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Pelvic Cancer


Healthgrades Editorial Staff

What is pelvic cancer?

Pelvic cancer refers to a variety of cancers involving the structures and organs in the pelvis. Your pelvic area is the lower portion of the trunk of your body. It contains the pelvic bones, bladder, rectum, and reproductive organs.

Pelvic cancers that can affect both sexes include bladder cancer, anal cancer, rectal cancer, chondrosarcoma (cancer of the cartilage), and osteosarcoma (cancer of the bone). Pelvic cancer can also occur from the spread or metastasis of other cancers from different areas of the body.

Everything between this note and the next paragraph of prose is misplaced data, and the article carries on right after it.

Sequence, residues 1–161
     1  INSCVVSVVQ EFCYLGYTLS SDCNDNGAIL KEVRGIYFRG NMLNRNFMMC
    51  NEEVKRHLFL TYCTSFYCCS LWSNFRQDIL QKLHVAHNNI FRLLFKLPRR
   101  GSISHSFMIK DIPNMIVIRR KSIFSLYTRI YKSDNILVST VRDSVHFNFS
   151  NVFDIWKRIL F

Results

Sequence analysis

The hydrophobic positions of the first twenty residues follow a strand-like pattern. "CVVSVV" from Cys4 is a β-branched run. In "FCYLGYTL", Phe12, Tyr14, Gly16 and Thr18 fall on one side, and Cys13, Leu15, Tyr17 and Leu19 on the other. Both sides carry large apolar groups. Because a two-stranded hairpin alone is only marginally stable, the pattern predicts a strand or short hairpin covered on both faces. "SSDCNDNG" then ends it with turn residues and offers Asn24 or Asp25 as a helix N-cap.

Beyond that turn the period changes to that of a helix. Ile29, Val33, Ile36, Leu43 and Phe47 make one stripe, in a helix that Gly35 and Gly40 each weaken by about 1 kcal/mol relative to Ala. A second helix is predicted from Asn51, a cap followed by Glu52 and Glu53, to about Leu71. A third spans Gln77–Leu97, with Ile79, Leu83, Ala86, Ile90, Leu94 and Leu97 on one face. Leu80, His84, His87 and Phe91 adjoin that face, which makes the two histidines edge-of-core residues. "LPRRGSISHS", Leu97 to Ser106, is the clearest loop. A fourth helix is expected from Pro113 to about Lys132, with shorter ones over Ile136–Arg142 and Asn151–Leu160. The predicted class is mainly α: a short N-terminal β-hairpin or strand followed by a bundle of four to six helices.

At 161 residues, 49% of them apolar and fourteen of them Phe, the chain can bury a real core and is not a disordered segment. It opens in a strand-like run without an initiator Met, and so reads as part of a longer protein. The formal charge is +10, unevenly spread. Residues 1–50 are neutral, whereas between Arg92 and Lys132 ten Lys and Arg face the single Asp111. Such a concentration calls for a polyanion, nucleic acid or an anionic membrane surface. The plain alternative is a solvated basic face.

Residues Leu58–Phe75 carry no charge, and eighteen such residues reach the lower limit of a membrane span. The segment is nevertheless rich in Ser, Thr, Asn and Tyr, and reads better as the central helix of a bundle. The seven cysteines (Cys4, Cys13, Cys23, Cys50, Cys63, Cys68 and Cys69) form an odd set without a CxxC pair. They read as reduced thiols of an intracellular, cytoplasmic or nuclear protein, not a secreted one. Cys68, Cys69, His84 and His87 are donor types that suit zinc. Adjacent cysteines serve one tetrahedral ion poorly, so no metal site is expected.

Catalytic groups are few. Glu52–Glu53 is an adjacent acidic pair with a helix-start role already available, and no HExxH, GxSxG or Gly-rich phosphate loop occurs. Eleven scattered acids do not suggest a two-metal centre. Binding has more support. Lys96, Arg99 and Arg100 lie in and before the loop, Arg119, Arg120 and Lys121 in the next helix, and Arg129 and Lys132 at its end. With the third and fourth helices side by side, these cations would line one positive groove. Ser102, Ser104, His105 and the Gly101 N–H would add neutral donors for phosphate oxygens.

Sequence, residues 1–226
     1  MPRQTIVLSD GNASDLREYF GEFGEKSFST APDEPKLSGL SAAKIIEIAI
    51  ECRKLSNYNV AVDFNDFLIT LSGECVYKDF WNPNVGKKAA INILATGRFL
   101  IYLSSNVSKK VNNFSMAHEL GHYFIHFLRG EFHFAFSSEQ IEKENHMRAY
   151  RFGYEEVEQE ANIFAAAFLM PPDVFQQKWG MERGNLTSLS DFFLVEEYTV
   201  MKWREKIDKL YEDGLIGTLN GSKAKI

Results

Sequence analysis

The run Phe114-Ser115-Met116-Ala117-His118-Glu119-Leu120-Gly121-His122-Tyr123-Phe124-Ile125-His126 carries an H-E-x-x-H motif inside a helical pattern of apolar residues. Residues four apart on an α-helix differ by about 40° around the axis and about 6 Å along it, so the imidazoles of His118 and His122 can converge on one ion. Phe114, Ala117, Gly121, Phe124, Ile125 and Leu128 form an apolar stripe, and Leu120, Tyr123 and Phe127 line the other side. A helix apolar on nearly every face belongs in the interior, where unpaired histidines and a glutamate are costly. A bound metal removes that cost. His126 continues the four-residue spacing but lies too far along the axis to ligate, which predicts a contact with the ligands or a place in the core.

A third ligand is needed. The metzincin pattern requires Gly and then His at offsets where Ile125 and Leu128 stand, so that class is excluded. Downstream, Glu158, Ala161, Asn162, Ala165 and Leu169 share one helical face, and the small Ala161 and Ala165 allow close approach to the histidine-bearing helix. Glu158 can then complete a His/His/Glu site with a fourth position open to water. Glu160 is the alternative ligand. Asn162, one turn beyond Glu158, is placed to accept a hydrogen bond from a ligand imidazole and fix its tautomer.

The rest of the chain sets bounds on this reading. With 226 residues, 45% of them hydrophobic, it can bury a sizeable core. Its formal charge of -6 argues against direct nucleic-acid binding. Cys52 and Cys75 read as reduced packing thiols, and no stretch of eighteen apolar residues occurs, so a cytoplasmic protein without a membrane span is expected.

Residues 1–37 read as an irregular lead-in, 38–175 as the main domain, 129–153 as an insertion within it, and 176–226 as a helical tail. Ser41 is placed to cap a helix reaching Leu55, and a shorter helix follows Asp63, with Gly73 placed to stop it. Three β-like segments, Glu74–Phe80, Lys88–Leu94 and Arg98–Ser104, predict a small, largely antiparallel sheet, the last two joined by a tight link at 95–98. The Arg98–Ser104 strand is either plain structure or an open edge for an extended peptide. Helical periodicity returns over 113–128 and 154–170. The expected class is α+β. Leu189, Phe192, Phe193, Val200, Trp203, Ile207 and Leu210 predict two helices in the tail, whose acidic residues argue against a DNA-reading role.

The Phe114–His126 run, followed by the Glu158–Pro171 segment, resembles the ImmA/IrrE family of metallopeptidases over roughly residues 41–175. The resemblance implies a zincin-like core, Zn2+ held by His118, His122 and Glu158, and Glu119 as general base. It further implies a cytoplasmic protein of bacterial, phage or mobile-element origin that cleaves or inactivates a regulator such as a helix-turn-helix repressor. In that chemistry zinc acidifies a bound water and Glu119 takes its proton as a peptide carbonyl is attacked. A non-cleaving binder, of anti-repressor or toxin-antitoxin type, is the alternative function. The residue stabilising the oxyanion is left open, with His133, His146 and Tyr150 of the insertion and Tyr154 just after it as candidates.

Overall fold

Because the pelvic area contains the reproductive organs, there are pelvic cancers that can affect men and women separately. For men, this includes prostate and testicular cancer. For women, pelvic cancer can include cervical, ovarian, uterine or endometrial, vaginal, and vulvar cancer.

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Normally, old or damaged cells in your body will stop dividing and die before they can become cancerous. Healthy young cells usually replace these cells. Cancer occurs when old or damaged cells continue to divide and multiply uncontrollably. In pelvic cancer, the malignancy or cancer develops in the structures or organs of the pelvic area.